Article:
787. Courtesy, Boeing
New York-based Bernstein Research said Boeing will not reach its target for a 787 production rate of 10 a month until 2015. In a client report issued Monday, Bernstein said it had lowered its 787 outlook “due to our concerns of additional program delays.”
Bernstein said in the report, “As a result, we have taken 787 deliveries down to six aircraft this year (from eight), and 51 in 2012 (from 61) and shifted these to the 2013-2014 time horizons.”
The research group said Boeing will deliver 86 787s in 2013, 100 in 2014 and 120 in 2015.
“Boeing began 2011 at two aircraft per month, with the plan to be at 10/month by the end of 2013. We saw that as a challenging ramp, but it appears even more challenging now,” Bernstein said.
Bernstein analysts have been at the forefront of forecasting the production problems of the 787 and predicted that Boeing would take nine months longer to reach its 10-a-month goal in August (ATW Daily News, Aug. 18).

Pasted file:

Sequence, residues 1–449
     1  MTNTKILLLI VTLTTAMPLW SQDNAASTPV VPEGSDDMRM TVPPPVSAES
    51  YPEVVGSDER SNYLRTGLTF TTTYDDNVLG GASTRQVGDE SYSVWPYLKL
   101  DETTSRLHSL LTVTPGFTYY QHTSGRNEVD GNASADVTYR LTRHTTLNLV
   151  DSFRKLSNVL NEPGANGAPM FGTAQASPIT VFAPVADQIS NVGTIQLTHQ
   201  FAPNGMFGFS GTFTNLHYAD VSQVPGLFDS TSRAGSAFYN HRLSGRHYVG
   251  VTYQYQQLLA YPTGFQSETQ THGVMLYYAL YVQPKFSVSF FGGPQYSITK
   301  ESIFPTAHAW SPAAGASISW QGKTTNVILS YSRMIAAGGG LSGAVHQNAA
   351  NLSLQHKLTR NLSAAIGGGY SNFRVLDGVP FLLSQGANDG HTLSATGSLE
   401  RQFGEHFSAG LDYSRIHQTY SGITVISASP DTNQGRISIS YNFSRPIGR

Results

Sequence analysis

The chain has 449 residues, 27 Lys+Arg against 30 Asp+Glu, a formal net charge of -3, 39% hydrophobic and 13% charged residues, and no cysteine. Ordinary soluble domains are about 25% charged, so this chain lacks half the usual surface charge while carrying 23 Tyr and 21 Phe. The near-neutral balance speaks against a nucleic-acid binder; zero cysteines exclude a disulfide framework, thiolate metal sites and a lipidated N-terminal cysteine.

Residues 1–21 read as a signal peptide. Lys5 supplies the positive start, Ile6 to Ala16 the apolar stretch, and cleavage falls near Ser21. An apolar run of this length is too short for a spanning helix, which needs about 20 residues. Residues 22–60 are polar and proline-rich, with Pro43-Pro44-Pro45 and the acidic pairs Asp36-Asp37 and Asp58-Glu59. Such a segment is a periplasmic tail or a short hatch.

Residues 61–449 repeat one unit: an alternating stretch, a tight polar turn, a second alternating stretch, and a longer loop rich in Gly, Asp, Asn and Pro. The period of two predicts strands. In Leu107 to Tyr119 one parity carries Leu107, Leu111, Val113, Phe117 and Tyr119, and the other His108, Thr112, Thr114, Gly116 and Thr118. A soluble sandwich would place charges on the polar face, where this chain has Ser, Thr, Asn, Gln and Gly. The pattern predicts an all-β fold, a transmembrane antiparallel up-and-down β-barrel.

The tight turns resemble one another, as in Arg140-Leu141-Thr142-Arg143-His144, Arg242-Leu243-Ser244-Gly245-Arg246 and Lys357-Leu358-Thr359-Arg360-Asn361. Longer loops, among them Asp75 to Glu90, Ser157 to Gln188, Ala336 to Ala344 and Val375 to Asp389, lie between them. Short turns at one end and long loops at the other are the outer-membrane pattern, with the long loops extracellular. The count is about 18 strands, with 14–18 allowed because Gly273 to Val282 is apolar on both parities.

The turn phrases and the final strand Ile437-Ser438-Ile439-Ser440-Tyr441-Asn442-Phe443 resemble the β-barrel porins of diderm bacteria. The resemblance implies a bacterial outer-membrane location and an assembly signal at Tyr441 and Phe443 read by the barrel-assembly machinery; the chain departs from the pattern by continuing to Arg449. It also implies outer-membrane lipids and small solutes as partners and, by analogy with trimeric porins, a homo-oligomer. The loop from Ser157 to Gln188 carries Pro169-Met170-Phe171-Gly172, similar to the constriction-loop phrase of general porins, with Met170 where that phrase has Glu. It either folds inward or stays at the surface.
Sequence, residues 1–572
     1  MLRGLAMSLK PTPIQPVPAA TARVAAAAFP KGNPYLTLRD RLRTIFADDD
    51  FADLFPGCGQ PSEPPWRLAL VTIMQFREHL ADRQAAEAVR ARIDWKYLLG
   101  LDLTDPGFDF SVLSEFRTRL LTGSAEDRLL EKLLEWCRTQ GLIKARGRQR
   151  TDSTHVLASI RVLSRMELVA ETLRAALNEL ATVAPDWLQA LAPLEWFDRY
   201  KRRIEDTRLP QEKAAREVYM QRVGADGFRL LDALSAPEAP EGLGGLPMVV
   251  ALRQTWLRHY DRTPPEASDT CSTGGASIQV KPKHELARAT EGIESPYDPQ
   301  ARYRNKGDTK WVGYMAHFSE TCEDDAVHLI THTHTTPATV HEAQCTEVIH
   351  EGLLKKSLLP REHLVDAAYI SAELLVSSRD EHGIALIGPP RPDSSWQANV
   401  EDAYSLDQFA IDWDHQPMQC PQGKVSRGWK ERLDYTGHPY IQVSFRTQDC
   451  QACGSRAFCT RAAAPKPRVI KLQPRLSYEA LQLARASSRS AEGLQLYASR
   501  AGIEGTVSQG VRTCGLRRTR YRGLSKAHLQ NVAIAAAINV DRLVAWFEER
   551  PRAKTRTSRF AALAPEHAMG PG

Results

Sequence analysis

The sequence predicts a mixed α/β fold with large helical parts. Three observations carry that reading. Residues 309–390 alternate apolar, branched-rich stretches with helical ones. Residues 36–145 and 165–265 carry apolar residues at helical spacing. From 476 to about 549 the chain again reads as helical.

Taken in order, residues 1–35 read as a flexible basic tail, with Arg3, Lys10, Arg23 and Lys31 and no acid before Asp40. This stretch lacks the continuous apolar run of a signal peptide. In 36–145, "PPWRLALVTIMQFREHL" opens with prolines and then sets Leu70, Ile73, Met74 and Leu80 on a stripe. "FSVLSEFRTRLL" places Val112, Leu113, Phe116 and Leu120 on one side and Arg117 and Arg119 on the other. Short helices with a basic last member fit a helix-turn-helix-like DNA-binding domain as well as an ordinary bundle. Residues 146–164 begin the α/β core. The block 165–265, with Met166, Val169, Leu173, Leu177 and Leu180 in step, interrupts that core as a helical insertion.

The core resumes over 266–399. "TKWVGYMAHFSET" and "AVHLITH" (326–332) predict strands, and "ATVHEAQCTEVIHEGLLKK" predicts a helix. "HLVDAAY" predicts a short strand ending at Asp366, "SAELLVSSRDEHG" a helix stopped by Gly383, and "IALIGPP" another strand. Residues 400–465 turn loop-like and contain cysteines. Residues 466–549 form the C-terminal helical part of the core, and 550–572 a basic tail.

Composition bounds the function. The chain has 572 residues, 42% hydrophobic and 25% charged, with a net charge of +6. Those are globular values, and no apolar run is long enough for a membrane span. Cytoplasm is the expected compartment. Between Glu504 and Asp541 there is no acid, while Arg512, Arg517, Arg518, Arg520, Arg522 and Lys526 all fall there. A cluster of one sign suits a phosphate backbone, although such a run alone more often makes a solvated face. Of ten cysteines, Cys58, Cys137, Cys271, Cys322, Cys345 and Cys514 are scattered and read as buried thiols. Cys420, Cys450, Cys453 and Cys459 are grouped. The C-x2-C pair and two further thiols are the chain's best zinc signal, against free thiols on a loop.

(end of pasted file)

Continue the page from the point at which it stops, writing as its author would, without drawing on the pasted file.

“Production was supposed to be at 2.5/month in the summer, but that was not achieved. Instead, the line was shut down for one month due to supplier shortages and the increase to 2.5/month is now expected in Q4,” it said.
Boeing delivered its first 787 in late September to All Nippon Airways (ANA), more than three years behind schedule (ATW Daily News, Sept. 27).
In August, Qantas Group CFO Gareth Evans told ATW the airline does not expect to get its first 787-8, to be operated by subsidiary Jetstar, until the first quarter of 2013 rather than late 2012 as planned.
In July, Air New Zealand (NZ) CFO Rob McDonald told an Aviation Outlook conference in Sydney that delivery of the 787-9, for which NZ is the launch customer, had been pushed into 2014 from late 2013 (ATW Daily News July 27).
At the time Boeing denied the delay and re-affirmed its guidance of a late 2013 delivery for the 787-9.
Boeing's comment on the new Bernstein report is being sought. However, at the recent handover of ANA’s first 787 in Everett, Wash., Boeing chairman and CEO Jim McNerney insisted that “we have a robust plan. We’ve got a surge line here in Everett. We’ve got a factory in South Carolina to bolster the core of it, which is here in Everett. We have healed up our partners’ production processes. We have a plan to be at 10 787s a month by the end of 2013 and we have confidence we can make it.”